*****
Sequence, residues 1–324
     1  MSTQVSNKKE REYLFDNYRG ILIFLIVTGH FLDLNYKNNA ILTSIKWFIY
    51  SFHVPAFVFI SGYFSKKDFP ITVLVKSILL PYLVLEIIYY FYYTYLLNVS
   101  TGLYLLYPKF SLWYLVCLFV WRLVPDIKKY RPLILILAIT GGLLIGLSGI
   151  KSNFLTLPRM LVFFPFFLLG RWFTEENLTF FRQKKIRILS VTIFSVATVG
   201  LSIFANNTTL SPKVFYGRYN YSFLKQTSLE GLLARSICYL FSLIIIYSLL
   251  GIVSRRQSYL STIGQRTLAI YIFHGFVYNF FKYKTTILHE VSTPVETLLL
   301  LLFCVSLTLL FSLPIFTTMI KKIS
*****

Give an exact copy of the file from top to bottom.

Sequence, residues 1–324
     1  MSTQVSNKKE REYLFDNYRG ILIFLIVTGH FLDLNYKNNA ILTSIKWFIY
    51  SFHVPAFVFI SGYFSKKDFP ITVLVKSILL PYLVLEIIYY FYYTYLLNVS
   101  TGLYLLYPKF SLWYLVCLFV WRLVPDIKKY RPLILILAIT GGLLIGLSGI
   151  KSNFLTLPRM LVFFPFFLLG RWFTEENLTF FRQKKIRILS VTIFSVATVG
   201  LSIFANNTTL SPKVFYGRYN YSFLKQTSLE GLLARSICYL FSLIIIYSLL
   251  GIVSRRQSYL STIGQRTLAI YIFHGFVYNF FKYKTTILHE VSTPVETLLL
   301  LLFCVSLTLL FSLPIFTTMI KKIS